By Allan Barber
A friend who has a lifestyle block near Warkworth recently asked me to take up the matter of the lack of reliability of NAIT records, citing his experience as evidence the system is still far from foolproof. I asked him to send me some details or even better to write to NAIT explaining his problem and asking for a response.
He sent a very clear and concise explanation marked for the attention of the Chief Executive about five weeks ago and has received a holding reply which said somebody would get back to him after Fielddays. Now the timeframe here isn’t particularly long, but what is of greater concern is the time taken to correct some fairly basic mistakes.
After all NAIT finally passed into law in February 2012, nearly 3½ years ago, after a gestation period which made an elephant’s pregnancy seem fast.
Yet we are still faced with a fundamental inability to guarantee the accuracy of cattle numbers on a property, as well as loopholes in the tag numbers that apply to those cattle.
My friend’s concerns started when he discovered a rogue heifer among his steers, scanned the tag and phoned NAIT to ask them to trace it, but without success.
He then discovered the NAIT system still recorded 60 cattle on his farm, although 15 of these had long since gone to the saleyard and then to the works for slaughter.
He checked NAIT’s movement records against his own and these matched, but he had no way of telling which of the cattle had left the property.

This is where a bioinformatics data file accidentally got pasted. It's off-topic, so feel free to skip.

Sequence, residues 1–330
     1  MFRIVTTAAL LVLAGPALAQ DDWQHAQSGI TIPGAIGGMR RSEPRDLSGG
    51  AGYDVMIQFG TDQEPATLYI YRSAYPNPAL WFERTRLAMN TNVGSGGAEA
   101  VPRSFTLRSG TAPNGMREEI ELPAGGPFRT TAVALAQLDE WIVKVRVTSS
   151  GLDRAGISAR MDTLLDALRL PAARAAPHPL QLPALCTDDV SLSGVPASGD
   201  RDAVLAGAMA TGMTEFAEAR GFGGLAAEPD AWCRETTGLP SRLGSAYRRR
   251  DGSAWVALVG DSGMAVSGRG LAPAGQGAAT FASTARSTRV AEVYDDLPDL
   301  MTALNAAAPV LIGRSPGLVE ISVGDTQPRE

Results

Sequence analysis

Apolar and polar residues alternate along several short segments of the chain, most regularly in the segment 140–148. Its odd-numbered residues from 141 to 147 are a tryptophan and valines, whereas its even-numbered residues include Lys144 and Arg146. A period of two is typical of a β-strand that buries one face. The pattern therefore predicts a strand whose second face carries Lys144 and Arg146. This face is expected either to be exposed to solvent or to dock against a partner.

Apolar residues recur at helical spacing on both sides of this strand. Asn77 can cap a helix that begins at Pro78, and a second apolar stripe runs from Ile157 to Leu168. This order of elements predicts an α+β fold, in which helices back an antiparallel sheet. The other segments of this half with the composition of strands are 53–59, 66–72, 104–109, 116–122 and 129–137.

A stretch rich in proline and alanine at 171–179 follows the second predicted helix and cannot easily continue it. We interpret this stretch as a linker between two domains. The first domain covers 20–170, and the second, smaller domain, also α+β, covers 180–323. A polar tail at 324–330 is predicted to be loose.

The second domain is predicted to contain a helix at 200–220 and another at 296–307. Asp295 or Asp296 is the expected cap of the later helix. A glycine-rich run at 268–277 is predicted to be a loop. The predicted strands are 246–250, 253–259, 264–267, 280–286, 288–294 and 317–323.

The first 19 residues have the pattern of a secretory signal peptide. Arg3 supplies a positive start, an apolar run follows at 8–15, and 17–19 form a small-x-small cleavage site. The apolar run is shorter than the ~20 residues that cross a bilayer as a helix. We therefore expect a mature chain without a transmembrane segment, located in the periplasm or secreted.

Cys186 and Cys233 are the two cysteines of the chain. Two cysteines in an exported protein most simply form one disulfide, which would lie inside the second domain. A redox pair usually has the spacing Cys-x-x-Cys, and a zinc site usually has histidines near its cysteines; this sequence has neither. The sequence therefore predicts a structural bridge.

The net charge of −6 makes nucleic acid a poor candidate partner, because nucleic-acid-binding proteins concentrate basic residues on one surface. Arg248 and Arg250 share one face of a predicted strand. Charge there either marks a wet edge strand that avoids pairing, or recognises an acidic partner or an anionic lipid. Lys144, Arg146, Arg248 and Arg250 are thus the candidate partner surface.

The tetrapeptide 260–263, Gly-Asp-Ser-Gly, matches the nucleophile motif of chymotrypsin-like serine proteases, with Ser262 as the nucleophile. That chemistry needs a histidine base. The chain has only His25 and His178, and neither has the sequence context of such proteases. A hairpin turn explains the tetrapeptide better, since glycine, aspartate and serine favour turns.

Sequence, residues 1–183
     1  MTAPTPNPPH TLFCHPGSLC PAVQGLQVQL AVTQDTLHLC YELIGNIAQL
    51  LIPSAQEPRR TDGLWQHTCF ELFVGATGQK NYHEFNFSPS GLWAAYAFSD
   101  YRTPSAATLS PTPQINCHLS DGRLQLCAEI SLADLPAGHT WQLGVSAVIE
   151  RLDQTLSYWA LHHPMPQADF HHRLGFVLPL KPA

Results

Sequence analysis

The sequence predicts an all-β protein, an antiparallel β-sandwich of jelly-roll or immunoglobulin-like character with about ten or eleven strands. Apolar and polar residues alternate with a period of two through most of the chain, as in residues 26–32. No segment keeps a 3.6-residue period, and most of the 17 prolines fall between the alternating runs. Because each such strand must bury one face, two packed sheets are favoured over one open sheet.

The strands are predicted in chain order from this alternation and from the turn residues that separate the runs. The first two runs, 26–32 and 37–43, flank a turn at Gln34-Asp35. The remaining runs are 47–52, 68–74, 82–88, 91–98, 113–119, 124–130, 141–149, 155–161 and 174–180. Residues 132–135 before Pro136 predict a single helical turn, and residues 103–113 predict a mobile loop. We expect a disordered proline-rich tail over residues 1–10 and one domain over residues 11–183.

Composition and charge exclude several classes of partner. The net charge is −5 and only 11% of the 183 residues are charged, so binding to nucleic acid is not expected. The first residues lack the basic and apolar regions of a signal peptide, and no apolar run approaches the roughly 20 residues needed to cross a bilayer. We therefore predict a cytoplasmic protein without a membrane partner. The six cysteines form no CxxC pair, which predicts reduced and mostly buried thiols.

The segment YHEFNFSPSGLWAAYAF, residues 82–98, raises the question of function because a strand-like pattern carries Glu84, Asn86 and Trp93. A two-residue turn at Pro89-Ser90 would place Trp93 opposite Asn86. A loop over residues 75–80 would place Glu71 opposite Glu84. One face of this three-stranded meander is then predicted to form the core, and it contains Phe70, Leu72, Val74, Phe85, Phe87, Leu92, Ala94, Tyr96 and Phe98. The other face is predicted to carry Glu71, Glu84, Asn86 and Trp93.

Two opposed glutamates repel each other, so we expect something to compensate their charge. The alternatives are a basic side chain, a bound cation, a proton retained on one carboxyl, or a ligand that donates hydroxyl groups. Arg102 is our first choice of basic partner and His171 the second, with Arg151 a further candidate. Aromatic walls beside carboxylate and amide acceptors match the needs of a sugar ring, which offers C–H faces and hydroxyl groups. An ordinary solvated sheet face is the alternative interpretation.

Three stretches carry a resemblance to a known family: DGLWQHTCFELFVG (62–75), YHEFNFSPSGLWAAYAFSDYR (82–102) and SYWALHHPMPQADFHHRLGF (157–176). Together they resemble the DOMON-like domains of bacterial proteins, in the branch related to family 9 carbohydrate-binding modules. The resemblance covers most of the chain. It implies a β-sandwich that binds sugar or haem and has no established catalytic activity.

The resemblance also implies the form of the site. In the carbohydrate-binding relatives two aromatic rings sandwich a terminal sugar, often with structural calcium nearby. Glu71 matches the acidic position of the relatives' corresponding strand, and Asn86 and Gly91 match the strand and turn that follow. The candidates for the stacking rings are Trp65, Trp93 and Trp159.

Apparently the NAIT system has now correctly recorded all the movements, but obviously this would have been far too late in the event of a disease outbreak. He also raised the question of replacing lost tags which farmers are required to do, but without a scanner neither the farm nor NAIT would be able to record the individual animal’s number.
Furthermore there are two different types of tag, one flat and one with a raised centre, and not all scanners work on both types of tag.
Armed with all this experience he then proceeded to contact other farmers and gave up after about 10 because he had been unable to find a single farmer who believed the NAIT book accurately corresponded to their actual stock on the farm. One stud breeder actually went to the trouble and expense of buying another set of traditional tags with the same numbers as the NAIT tags in case any of the cattle lost one tag (but hopefully not two).
As my friend says, this set of circumstances makes NAIT virtually useless in the event of a disease outbreak, without even taking into consideration the inevitable effect of not including sheep in NAIT. His suggestion is to ensure all farms have a scanner which can read both types of tag and is compatible with the NAIT system. Every farm would be responsible for scanning stock at least once a year and uploading the data to NAIT.
He also says scanners are available in the UK for less than $200, not the high cost being charged in New Zealand.
NAIT may have some logical responses to all these queries, but it is disappointing none of the farmers contacted has confidence in the accuracy of the system.
This is hardly a ringing endorsement of at least eight years of hard work and the cost imposed on farmers since it passed into law in 2012.
If it is to gain farmers’ confidence, NAIT needs to address these issues urgently.
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Allan Barber is a commentator on agribusiness, especially the meat industry, and lives in the Matakana Wine Country. He is chairman of the Warkworth A&P Show Committee. You can contact him by email at firstname.lastname@example.org or read his blog here ». This article first appeared in Farmers Weekly. It is here with permission.